What does he consider meaningful?
    I consider £143k very meaningful, and the dividends therefrom a useful part of my income.
    and b) we could lose it all.
    If you try really hard. Have you seen the film Brewster's Millions?
    Eco Miser
    Saving money for well over half a century
  • seven-day-weekend
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    Eco_Miser wrote: »
    What does he consider meaningful?
    I consider £143k very meaningful, and the dividends therefrom a useful part of my income.
    If you try really hard. Have you seen the film Brewster's Millions?

    He thinks it's not enough to make any money from. He says it won't get us £575 gross a month plus capital appreciation like the investment property. Also you always have your property even if house prices slump, whereas you could lose your investment.

    Could you give me a rough idea of the amount of income it might generate (obviously I don't wish to know your private affairs, so I will understand if you can't comment further).


    I've not seen the film but will google it now :)
    (AKA HRH_MUngo)
    Member #10 of £2 savers club
    Imagine someone holding forth on biology whose only knowledge of the subject is the Book of British Birds, and you have a rough idea of what it feels like to read Richard Dawkins on theology: Terry Eagleton
  • Brighton_belle
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    SDW, I work for an IFA. In my experience all the questions an IFA has to ask you (as part of the safe guarding regulations) establishes the level of caution as investor you carry and this info is used to offer individual advice, so for example, if you proved to be a 'cautious investor' (as determined by the tools IFA's has access to) you would not be recommended high risk investments, which give bigger potential returns (but bigger risks of 'losing it all'). So what ever someone else has been advised won't be the same as you will be advised, does that make sense?


    It's also a good idea to go on your gut feeling re how you feel about an IFA (as well as any personal recommendations you can get). There is no one right answer as to the best thing to do with your money,but a good IFA with offer you options, after listening to you and how you view risk and your preferences, and then you choose what feels a best fit/ comfortable/ least stressful for you.


    (I am not an IFA)
    I try to take one day at a time, but sometimes several days attack me at once
  • bowlhead99
    bowlhead99 Posts: 12,295 Forumite
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    edited 6 January 2016 at 7:54PM
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    He thinks it's not enough to make any money from. He says it won't get us £575 gross a month plus capital appreciation like the investment property.
    Gross is not relevant because gross implies there is running costs, repairs, maintenance, void periods where no money comes in or a double whammy of no money coming in and a huge refurb cost after a tenant trashes it and all your money is tied up in one property....

    So what is your target net income if the gross is £575? That is what should be compared to other opportunities.

    Even if there is no running costs and the targeted £6900 a year (4.8% on the £143k) is the net you receive, you will need to pay tax on the property income.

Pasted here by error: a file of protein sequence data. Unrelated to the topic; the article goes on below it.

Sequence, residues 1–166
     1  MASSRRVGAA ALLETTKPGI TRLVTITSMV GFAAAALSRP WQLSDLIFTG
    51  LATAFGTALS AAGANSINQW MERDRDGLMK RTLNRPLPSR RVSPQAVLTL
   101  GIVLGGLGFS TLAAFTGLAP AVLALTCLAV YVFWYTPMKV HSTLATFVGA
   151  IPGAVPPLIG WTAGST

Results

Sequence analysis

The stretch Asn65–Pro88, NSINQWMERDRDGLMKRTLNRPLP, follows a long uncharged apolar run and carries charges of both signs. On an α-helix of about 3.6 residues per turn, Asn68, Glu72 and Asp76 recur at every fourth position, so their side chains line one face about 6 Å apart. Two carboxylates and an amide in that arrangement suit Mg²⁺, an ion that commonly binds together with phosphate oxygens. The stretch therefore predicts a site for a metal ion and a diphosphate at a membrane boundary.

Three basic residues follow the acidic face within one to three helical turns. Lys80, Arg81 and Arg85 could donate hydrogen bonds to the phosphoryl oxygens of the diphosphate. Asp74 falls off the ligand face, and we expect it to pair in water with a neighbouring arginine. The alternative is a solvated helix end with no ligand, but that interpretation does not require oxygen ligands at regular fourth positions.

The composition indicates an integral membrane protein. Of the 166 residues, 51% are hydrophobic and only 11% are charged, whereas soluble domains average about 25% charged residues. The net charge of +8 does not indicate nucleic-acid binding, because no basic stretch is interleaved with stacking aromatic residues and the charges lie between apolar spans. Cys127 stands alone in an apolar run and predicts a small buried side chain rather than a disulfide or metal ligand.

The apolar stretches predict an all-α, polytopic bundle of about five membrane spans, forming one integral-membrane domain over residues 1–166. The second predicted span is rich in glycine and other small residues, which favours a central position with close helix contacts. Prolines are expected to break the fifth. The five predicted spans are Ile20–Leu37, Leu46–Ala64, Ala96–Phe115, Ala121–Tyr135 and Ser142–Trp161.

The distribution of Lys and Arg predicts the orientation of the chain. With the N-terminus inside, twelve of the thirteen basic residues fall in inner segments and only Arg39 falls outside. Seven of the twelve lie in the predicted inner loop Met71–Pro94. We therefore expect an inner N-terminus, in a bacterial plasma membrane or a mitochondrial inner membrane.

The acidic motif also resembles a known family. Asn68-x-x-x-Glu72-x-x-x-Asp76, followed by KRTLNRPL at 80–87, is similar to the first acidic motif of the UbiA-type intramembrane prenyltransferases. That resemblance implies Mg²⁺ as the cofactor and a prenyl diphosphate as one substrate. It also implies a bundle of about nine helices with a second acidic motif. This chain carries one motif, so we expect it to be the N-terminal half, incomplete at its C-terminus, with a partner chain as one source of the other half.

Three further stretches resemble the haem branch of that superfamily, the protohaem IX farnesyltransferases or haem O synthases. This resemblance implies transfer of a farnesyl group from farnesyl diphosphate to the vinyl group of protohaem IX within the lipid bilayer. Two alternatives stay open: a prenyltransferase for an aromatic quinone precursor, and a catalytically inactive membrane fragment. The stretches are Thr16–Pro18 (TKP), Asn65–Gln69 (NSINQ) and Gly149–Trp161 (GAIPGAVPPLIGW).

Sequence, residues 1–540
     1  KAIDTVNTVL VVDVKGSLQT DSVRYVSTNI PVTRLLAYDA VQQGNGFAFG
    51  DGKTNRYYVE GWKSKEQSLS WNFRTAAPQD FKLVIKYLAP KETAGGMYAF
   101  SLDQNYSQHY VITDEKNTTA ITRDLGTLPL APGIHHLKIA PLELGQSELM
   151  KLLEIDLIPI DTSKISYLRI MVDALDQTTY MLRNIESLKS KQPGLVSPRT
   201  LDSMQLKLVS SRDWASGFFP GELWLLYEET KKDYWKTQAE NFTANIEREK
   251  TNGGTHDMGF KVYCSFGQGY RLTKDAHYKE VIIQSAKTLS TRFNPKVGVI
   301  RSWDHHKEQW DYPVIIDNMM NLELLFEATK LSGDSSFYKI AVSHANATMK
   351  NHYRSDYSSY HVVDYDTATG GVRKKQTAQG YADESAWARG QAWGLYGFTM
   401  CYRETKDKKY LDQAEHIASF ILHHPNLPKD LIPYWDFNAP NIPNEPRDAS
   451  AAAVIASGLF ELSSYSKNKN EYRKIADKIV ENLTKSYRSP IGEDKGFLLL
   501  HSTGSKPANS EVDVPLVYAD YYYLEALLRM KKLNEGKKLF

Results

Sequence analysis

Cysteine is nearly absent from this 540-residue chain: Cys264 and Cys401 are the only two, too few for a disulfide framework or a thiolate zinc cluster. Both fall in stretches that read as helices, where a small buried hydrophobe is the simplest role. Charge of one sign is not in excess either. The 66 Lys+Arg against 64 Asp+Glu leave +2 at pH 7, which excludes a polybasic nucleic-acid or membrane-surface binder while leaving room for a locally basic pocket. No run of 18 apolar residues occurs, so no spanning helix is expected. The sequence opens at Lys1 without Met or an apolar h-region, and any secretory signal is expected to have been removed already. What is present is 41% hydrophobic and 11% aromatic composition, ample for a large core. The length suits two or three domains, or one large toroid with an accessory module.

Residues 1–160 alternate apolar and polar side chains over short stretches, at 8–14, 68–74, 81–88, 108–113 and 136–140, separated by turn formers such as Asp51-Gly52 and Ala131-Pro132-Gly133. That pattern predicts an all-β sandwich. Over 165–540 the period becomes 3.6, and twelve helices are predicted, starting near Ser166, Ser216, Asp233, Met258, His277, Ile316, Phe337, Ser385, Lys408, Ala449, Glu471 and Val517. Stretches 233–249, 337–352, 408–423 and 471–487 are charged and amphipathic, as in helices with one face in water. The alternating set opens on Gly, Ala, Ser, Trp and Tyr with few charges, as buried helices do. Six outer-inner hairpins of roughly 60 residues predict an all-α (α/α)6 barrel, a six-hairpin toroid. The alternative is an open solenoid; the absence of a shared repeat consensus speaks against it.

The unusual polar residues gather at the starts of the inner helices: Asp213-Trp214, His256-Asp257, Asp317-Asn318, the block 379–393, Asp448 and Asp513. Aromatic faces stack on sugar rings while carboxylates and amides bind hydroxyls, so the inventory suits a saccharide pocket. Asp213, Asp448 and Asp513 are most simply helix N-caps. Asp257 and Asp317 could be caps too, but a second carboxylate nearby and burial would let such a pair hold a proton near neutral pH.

Whereas with an investment inside a tax wrapper such as an ISA or pension (you can put £30k of fresh money inside an ISA every year between you), you can ensure you get to keep as much of the income as possible without losing it to tax. If your ISA allowances are maxed out, investments can also be made outside a tax wrapper and by cashing in small amounts of capital gains each year, you have over £20k of annual capital gains allowances between you that you can use up. If you own a house, you can't sell individual rooms off each year to slowly make use of your capital gains allowances. You can only exit all at once.

    So, investing in funds can be quite tax efficient, providing an income while allowing for some capital growth. Maybe draw out 3-4% a year. You can of course draw out more by selling off bits of the investment at a cost to your long term opportunity for gain, and this is very flexible. For example, if one year you needed £10k for something instead of the £6900 from the rental income, with an investment fund you could just cash in part of the investment fund above the level of the natural income. If all your money was tied up in a house and you needed £10k instead of the £6900 that year, you couldn't sell a staircase or patio to make up the shortfall.

    So, just like houses, investment funds can deliver income and capital gains. They are flexible and there is no evidence that in the long long term a house will give more total return than an equities-based investment fund which grows as the companies in the world economy grow. Unless the house investment is made in a risky fashion to boost returns using a lot of cheap mortgage finance which you hope can be paid off in the long term but might not be if things go wrong..

    And a second house, unlike the house you're actually living in, is inherently tax-inefficient.
    Also you always have your property even if house prices slump, whereas you could lose your investment.
    You always have your investment fund even if fund prices slump. Plus, you will have more than one of them so the eggs are not in one basket like they are in a single £143k investment property.

    Whereas you could lose your house. For example you forget to renew the insurance and it burns down the next day.